Big happenings at the Northwest Oklahoma County Memorial Sports Coliseum/Thirsty Beagle Brewing and Bottling Co. over the weekend: I officially joined the ranks of those who have brewed all-grain!
Since I started brewing in January, I’ve knocked off seven extract/kit recipes: American brown ale, witbier, pale ale with raspberries, dry-hopped red ale, dunkelweizen, witbier #2, and summer ale with peaches I grew in my backyard. They all were fairly successful, in that all resulted in beer that tasted good.
All along, however, I’ve known I wanted to eventually graduate from extract/kit to all-grain. Two things have been slowing me down: Owning the correct equipment to do it, and grasping the terminology/process to accomplish it. Eventually, I’ll overcome both of these hurdles, but in the meantime, a suggestion from a homebrewer friend caught my eye. He mentioned something about the brew-in-a-bag method.
It’s an all-grain method that requires less equipment and time than standard all-grain brewing. If you have a big pot (you can do it with a seven- or eight-gallon pot, but a 10-gallon pot is probably best) and you’ve already been brewing extract, you pretty much have everything you need to go all-grain. The only thing I added to my equipment repertoire was this nylon bag:
Internet research reveals the brew-in-a-bag (BIAB) method is predominantly favored in Australia and is not best for stronger beers that require a tremendous amount of grain. But for the Oktoberfest I wanted to brew, which should end up at 5.4 percent strength, I figured it could work.
Gail at the Brew Shop (big props to Gail for her help!!!) helped me pick out an Oktoberfest recipe and milled the grain — 12 pounds in all. (Let me just detour here to say that you don’t really realize how much a lot of grain is until you try your first all-grain batch. That’s a lot of grain!)
For my five-gallon batch, I decided to start with 6.5 gallons of water to allow for boil-off and absorption. That’s when I came to my first hurdle — my pot is not quite big enough. When I got to six gallons of water, I realized there wouldn’t be room for all the grain. I had to skim off half a gallon. At that point, I clamped by bag on, brought the water to 155 degrees and added the grain:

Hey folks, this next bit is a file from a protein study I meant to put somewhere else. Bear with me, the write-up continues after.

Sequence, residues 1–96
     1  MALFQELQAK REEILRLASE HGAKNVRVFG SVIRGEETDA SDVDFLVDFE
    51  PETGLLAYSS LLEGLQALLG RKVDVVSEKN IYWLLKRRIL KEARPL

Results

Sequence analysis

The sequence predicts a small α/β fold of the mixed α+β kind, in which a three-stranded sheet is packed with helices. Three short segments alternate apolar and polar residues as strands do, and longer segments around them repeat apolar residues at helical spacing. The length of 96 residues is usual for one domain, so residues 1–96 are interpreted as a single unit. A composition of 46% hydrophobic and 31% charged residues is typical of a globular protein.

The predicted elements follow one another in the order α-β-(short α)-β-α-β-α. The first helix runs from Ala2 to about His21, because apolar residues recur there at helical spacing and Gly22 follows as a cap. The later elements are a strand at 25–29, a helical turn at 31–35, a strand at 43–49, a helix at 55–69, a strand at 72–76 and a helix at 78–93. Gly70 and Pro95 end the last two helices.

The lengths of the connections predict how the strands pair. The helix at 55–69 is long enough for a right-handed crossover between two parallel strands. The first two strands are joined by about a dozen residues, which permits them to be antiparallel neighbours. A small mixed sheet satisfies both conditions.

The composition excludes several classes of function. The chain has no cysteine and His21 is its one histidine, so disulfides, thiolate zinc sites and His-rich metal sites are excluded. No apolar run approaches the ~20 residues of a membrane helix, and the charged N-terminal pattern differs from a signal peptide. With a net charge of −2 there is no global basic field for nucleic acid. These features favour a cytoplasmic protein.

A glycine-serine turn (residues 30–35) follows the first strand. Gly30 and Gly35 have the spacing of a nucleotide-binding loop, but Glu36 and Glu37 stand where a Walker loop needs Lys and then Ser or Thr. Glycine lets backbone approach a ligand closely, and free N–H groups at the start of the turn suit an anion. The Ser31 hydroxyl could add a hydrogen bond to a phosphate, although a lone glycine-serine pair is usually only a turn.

As you can see, with 5.5 gallons of water and 12 pounds of grain, the pot is pretty much topped-off. Most BIAB guides say to avoid having your bag touch the bottom of the pot in case the bag were to burn/melt, so I used the clamps to hold the bag up a bit. You can also use some sort of trivet or cookie-cooling rack-type apparatus in the bottom of the pot as well.
After steeping at 155 for an hour, it was time to remove the bag and drain off the wort. Here’s another one of those things you don’t quite think about until it’s too late: 12 pounds of grain soaked in water is heavy, and I didn’t think to rig up some sort of device to suspend the bag. So I was left with the static-bicep-curl technique:
Once the bag drained as much as it would, I set it aside and returned the pot/wort to the stove-top to start the boil:
After that, it’s business as usual. One hour boil, add the assigned hops at the assigned time, use a little Irish moss near the end for clarity, chill wort, rack to fermenter, pitch yeast and cap fermenter. At the end of the boil, I was down to four gallons of wort — down 1.5 gallons from the outset — so I had to top it off by a gallon. I’m not the biggest fan of doing that, but I really had no choice due to the size of my pot. (It did show that my original estimate of 6.5 gallons probably would have worked out pretty well.)
Total brew time from set-up to clean-up was a little shy of four hours. I’m under the impression the standard all-grain method takes about five hours. I would have liked to have shaved off more time, but working with five-plus gallons of water on the stove, it just takes a long time to bring the water up to the correct heat.
So, now the beer has been in the fermenter since Saturday night. I used an ale yeast since my version of temperature control involves determining which room in my house is the coolest, so I should by looking at another 10 days or so of fermenting before bottling day. The airlock starting bubbling pretty well after about 16 hours, then kept up a pretty vigorous pace through this morning — it appears all systems are go.
They only thing I didn’t do properly was take an OG reading. Rookie mistake. I had the hydrometer out on the counter and just totally forgot to use it. Oh well. One word of warning, all material I could find suggests you don’t try BIAB without a wort chiller. I have one and used it; I can’t imagine you could chill that volume of beer fast enough without one.
I’ll report back in a few weeks with the end result of my BIAB experiment. In the end, it’s not really that hard. Hopefully I’ll end up with a very drinkable Oktoberfest.